Read the rest of this entry »

Comments Off
Jun 25

Patrick Meier: Zoomanitarians – Using Citizen Science and Next Generation Satellites to Accelerate Disaster Damage Assessments

Patrick Meier

Patrick Meier

Zoomanitarians: Using Citizen Science and Next Generation Satellites to Accelerate Disaster Damage Assessments

Zoomanitarians has been in the works for well over a year, so we’re excited to be going fully public for the first time. Zoomanitarians is a joint initiative between Zooniverse (Brook Simmons), Planet Labs (Alex Bakir) and myself at QCRI. The purpose of Zoomanitarians is to accelerate disaster damage assessments by leveraging Planet Labs’ unique constellation of 28 satellites and Zooniverse’s highly scalable microtasking platform. As I noted in this earlier post, digital volunteers from Zooniverse tagged well over 2 million satellite images (of Mars, below) in just 48 hours. So why not invite Zooniverse volunteers to tag millions of images taken by Planet Labs after major disasters to help humanitarians accelerate their damage assessments?

Read the rest of this entry »

Comments Off
Jun 4

Mini-Me: GoogleMaps Add Elevation — Good-Bye National Geospatial Agency? Can Tiling Extend to All-Source Data M4IS2/OSE?

Who, Mini-Me?

Who, Mini-Me?

Huh?

Google Maps Now Show Elevation Statistics For Bikers

Google, the world’s largest internet search operator, is bringing one of the most useful features to bikers using its Google Maps service. While cycling can be fun, sometimes an arbitrary hill climb can be a challenging task. But it appears that Google has finally come up with a fix for that, not essentially helping you get the bike to the top of the hill, but by showing an upcoming elevation in Google Maps’ bike routes. The app now features elevation statistics to help bikers tackle steep hills.

Google did not officially announce the feature but confirmed to TechCrunch that the addition is indeed new to Maps. The Mountain View, California based tech giant has offered GPS functionality for bikers for few years now, but helped not more than being a map.

Click on Image to Enlarge

Click on Image to Enlarge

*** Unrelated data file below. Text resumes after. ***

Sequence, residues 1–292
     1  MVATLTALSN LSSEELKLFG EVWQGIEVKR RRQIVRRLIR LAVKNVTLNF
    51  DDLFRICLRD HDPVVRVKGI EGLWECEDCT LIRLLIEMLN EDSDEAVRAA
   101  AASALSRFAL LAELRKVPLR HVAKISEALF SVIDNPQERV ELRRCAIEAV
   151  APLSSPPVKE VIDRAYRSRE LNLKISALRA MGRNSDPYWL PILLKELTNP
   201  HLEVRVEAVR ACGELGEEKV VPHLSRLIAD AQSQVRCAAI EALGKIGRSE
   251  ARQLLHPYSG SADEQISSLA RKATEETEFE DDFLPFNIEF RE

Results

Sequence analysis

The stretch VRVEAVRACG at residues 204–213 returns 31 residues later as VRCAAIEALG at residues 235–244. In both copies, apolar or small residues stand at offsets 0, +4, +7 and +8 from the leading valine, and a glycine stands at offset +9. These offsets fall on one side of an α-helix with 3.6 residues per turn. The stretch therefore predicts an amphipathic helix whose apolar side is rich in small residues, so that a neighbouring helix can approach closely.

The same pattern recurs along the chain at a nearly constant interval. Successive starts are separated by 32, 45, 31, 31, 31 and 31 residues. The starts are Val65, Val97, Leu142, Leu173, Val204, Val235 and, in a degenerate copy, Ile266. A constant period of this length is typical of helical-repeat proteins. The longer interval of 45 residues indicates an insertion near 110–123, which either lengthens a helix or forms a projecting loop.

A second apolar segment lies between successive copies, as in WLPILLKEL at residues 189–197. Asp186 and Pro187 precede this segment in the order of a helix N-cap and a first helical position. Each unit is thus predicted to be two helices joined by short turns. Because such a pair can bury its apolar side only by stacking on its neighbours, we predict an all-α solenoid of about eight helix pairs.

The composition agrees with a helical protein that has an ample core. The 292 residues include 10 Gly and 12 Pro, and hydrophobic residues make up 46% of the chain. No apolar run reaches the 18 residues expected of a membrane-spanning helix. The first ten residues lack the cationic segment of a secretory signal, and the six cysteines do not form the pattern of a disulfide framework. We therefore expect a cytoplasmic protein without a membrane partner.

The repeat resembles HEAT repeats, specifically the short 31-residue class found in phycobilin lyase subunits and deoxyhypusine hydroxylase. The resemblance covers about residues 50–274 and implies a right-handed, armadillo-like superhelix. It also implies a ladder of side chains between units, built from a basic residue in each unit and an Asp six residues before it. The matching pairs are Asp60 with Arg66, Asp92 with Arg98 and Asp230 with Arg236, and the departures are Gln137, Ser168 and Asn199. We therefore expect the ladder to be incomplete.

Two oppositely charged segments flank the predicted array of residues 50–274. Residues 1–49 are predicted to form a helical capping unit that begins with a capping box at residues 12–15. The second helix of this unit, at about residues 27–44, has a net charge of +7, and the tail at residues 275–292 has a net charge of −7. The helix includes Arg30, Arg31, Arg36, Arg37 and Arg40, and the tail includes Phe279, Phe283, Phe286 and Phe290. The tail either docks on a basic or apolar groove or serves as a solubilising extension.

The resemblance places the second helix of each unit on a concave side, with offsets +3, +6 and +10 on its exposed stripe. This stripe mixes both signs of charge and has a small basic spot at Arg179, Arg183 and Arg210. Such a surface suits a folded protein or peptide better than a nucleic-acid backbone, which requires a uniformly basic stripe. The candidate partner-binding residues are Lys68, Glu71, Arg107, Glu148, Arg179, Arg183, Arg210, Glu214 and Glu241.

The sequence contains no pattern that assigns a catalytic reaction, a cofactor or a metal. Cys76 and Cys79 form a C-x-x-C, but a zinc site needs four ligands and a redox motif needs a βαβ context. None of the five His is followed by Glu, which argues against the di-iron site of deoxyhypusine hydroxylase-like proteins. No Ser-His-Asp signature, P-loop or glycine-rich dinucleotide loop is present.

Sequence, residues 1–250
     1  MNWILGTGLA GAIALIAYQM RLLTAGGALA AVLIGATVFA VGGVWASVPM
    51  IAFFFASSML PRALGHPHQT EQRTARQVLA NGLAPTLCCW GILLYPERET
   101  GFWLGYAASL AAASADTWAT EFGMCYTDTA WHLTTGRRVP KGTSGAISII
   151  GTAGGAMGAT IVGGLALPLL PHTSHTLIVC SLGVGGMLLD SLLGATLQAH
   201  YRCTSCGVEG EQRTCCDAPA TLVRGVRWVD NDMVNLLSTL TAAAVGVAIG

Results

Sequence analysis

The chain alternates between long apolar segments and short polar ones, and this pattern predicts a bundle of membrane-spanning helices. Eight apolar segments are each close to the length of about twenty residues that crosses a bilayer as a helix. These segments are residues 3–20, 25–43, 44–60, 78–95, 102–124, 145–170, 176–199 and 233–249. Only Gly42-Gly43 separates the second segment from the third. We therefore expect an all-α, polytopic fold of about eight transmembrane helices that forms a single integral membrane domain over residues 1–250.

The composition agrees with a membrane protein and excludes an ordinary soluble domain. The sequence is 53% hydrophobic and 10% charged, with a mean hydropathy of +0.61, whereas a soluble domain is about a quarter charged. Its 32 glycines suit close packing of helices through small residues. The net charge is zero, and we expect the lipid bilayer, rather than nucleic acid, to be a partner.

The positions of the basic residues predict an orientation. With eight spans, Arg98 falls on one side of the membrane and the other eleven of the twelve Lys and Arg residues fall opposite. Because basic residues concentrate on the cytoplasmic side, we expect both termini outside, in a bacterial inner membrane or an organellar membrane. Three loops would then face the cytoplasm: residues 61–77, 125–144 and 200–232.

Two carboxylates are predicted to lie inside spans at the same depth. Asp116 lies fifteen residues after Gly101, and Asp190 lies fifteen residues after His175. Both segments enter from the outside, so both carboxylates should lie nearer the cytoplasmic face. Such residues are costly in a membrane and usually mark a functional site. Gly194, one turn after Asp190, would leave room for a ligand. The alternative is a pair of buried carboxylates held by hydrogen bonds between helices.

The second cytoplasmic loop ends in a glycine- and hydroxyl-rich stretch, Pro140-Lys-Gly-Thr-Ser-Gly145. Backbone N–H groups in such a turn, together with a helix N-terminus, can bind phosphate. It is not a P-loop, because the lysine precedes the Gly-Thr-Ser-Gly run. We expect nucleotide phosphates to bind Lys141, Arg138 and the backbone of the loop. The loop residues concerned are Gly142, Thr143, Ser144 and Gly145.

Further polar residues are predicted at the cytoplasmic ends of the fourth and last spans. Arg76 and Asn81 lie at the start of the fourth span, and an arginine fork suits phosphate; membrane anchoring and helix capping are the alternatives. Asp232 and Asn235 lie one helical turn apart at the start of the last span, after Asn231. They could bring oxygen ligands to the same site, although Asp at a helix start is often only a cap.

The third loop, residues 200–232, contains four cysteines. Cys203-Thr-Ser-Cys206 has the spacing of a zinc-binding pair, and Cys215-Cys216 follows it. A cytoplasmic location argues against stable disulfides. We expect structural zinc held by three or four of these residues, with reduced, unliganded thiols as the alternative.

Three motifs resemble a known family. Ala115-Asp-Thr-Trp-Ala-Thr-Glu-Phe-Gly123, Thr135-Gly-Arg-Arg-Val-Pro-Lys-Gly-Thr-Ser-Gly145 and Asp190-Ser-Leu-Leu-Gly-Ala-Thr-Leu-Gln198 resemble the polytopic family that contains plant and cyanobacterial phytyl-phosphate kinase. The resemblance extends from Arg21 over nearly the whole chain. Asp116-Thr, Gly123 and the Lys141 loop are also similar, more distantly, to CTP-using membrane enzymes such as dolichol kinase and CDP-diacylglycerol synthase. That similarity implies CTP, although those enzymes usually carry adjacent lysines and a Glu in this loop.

Bikers can simple select a bike route on the map and Google will find the directions for the destination. Following the update, information showing an elevation and descent will populate. In addition to the graphical representation of the hill, Google also displays a card to show the number of feet a biker must climb before reaching the top and descend through the other side.

Google will not display any elevation statistics when bikers are riding on flat roads. Google also confirmed to the tech blog that the new feature is available in all 14 countries where the biking directions are available on Maps, including Austria, Australia, Belgium, Canada, Switzerland, Germany, Denmark, Finland, Great Britain, Netherlands, Norway, New Zealand, Sweden and the US.

Google has been updating its mapping service quite frequently, of late. Earlier this month, the web giant added offline support for Google Maps, integrated Uber taxi service, improved local business search and more. These changes show how badly Google wants to stay ahead of its rivals, such as Nokia and Apple. The addition of more features to make the service useful for end users is surely an added advantage.

Read the rest of this entry »

Comments Off
May 17

Worth a Look: Whitebox Geospatial Analysis Tools — Open Source and Cross-Platform

Categories: Geospatial,IO Tools

Whitebox Geospatial Analysis Tools (GAT) is an open-source and cross-platform Geographic information system (GIS) and remote sensing software package that is distributed under the GNU General Public License. It has been developed by the members of the University of Guelph Centre for Hydrogeomatics and is intended for advanced geospatial analysis and data visualization in research and education settings. The package features a friendly graphical user interface (GUI) with help and documentation built into the dialog boxes for each of the more than 360 analysis tools. Users are also able to access extensive off-line and online help resources. The Whitebox GAT project started as a replacement for the Terrain Analysis System (TAS), a geospatial analysis software package written by John Lindsay. The current release support raster and vector (Shapefile) data structures.

Whitebox GAT is extendible. Users are able to create and add custom tools or plugins using any JVM language. The software also allows scripting using the Groovy, Python and JavaScript programming languages.

Whitebox Home Page

Comments Off
May 3